In part two of Total Politics’ interview with the leader of the Libertarian Party, Xander Stephenson learns about Gordon Brown’s true academic record and a certain devil’s theatrical past…
What is the vision of the Libertarian Party and how far do you think Britain as a country is from it - how can the two meet?
The vision of the Libertarian Party is a society with minimal state interference—where individuals can live their lives as they see fit. There are more than 60 million people in this country: each one with their own priorities and their own desires. They should be able to pursue those desires in whatever way suits them best, provided they adhere to the central tenet of Libertarianism—the non-aggression axiom. This can be summarised as: "You shall not initiate force or fraud against someone else's life, liberty or property." I have often argued that this should, in fact, be the only criminal law on the statute books: the courts can decide the exact interpretation in each individual case.
How far are we from that?
A long, long way. We have a government that can pass laws without consulting Parliament, let alone the people; we have detention without trial, confiscation of property without a verdict of guilt and a surveillance state growing steadily more intrusive by the day. We have had 60 years of the Welfare State which has delivered what David Cameron calls "our broken society"; people look to the state to solve their problems, they don't wonder what they could do for themselves or for others.
But, ultimately, our model of "social democracy" is not only unsustainable from a moral point of view, but also from an economic one. Our government is spending a hundred, a hundred and fifty, two hundred billion pounds a year more than it brings in from tax: that cannot continue indefinitely. And yet even the Tories do not seem to have a clue how they might cut this appalling structural deficit.
Part of the problem is that government is so utterly inefficient at spending money: for every pound taken in tax, something like 30p actually reaches the "front line". That is pretty bad –especially if you think that the "front line" services are incredibly inefficient themselves.
The trouble is that people are beginning to be afraid of the state – but they are also afraid to be without the state.
That is why part of my mission this year is to paint a realistic picture of what society might look like with almost no state at all. Earlier this year, I gave a talk to the Adam Smith Institute about Friendly Societies—voluntary collectives that operated as community-based insurance-assurance companies. They were immensely successful until they were effectively killed off by National Insurance: if you are poor, you cannot maintain your 10 per cent salary subscription to a Friendly Society as well as paying the state its 10 per cent.
But even were Friendly Societies to do the heavy lifting in the social security arena, private charity would have a large role to play – and people have simply got out of the habit of giving. Even were we to immediately drop taxes to five per cent, say, I don't think that people would immediately donate another 20 per cent of their salaries to charity. All of this has to be managed in a transition – it will take time to allow people to understand that they, not the state, have a duty to help their fellow man.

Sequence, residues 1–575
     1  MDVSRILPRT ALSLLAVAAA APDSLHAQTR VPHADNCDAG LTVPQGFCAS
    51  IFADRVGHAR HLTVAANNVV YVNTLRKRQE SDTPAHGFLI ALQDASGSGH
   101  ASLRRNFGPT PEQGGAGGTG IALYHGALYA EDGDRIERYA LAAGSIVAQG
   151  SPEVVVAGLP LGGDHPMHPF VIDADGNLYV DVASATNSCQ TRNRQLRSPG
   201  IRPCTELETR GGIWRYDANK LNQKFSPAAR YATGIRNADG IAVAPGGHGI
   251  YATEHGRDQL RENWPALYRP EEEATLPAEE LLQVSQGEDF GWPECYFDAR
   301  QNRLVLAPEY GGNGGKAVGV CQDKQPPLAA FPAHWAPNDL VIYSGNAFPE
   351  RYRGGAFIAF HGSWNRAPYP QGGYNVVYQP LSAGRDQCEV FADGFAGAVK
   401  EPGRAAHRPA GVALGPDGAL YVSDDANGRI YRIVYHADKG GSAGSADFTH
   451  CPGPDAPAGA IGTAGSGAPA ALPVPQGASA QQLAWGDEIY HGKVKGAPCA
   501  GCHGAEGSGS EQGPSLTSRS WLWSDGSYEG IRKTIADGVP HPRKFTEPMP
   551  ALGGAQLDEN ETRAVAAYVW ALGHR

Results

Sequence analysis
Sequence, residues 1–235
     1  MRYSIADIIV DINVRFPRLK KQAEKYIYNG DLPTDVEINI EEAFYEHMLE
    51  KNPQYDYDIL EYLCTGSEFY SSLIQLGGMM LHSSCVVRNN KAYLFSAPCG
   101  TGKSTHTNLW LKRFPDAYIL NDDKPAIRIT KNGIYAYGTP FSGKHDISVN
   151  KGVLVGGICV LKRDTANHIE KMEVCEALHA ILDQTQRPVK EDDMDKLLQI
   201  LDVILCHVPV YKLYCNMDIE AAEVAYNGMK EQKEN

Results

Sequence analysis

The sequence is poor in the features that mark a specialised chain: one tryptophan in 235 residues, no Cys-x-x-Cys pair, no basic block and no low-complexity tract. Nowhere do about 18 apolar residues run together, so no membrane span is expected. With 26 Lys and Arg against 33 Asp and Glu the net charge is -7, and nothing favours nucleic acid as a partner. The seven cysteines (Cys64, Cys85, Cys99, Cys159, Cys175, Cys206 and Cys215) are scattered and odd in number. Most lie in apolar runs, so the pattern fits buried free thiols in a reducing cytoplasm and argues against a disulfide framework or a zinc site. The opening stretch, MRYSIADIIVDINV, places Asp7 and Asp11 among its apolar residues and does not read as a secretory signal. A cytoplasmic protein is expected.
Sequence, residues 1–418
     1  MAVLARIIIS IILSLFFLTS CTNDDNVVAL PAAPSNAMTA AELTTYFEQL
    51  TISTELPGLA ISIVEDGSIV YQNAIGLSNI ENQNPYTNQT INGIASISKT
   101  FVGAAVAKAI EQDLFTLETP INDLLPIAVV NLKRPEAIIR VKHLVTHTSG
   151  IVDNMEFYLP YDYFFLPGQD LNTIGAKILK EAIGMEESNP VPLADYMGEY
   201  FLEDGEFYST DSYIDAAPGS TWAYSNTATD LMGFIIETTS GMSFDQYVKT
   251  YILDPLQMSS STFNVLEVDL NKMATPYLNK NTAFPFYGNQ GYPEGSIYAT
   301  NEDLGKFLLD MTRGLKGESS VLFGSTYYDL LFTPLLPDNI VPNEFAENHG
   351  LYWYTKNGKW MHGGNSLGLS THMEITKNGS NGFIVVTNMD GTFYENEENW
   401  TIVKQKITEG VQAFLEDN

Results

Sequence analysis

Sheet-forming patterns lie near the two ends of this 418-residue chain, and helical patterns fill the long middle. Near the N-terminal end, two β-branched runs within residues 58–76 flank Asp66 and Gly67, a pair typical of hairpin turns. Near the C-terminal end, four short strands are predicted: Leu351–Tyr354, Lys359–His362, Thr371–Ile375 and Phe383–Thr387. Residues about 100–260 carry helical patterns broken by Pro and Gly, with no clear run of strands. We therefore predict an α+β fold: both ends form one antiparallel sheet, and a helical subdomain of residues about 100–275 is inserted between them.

And the state itself?
I would like to create a Parliament so powerless that it no longer mattered which party won the election, frankly.
What are your predications for the next election?
As I said, I think that it will be a straight Tory-Labour fight, with smaller parties picking up some votes from people disgusted with the Big Three. However, I think that Cameron will win, albeit with a smallish majority.
If the Libertarian Party candidate(s) are elected in the next election and we are faced with a hung parliament would they form any coalitions with any other parties?
No. If I may paraphrase Thomas Jefferson, our general motto is "Peace, commerce and honest friendship with all parties; entangling alliances with none."
Ultimately, we do not believe that any of the other parties are libertarian: if they were, we wouldn't carry on with the expense and hassle of setting up and running the Libertarian Party.
What do you make of Brown as a leader?
Brown's a leader...?
The man's an idiot – and a deeply unpleasant idiot at that. People keep saying to me that he must know something about finance because he studied economics at university. I don't know where this rumour came from – Gordon's spin doctors probably. For the record, Gordon Brown's degree was in history, and his PhD was entitled The Labour Party and Political Change in Scotland 1918-29.
I mean, seriously...
What do you make of Cameron’s leadership skills as party leaders and as a potentially future PM?
Cameron's a leader...?
I must admit that Dave has done a good job of uniting the Tory Party – even in the face of some extreme provocation. But, ultimately, he is a social democrat and I don't believe that much will change under his premiership.
Gordon Brown once a likened himself to Heathcliff, having browsed your website I thought you might liken yourself to Withnail. Has that thought ever occurred to you, or have you ever likened yourself to any fictional character?
Ha! Actually, I played Withnail in a stage production of Withnail and I at the Bedlam Theatre, in my second term at Edinburgh University. I don't remember much about it: I was drinking quite a lot at the time...